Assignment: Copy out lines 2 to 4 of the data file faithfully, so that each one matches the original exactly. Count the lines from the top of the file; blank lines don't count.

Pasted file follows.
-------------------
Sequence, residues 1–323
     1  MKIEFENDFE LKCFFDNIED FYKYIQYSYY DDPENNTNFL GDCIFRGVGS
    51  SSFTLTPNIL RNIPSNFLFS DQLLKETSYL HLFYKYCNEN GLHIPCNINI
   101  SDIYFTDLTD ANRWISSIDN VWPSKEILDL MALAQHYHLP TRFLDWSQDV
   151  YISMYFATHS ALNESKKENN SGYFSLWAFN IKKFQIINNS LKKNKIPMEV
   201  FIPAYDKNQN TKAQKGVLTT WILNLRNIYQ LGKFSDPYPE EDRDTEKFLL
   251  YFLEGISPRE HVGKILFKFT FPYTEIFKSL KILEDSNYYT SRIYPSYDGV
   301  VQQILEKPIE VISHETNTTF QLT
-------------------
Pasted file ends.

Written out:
     1  MKIEFENDFE LKCFFDNIED FYKYIQYSYY DDPENNTNFL GDCIFRGVGS
    51  SSFTLTPNIL RNIPSNFLFS DQLLKETSYL HLFYKYCNEN GLHIPCNINI
   101  SDIYFTDLTD ANRWISSIDN VWPSKEILDL MALAQHYHLP TRFLDWSQDV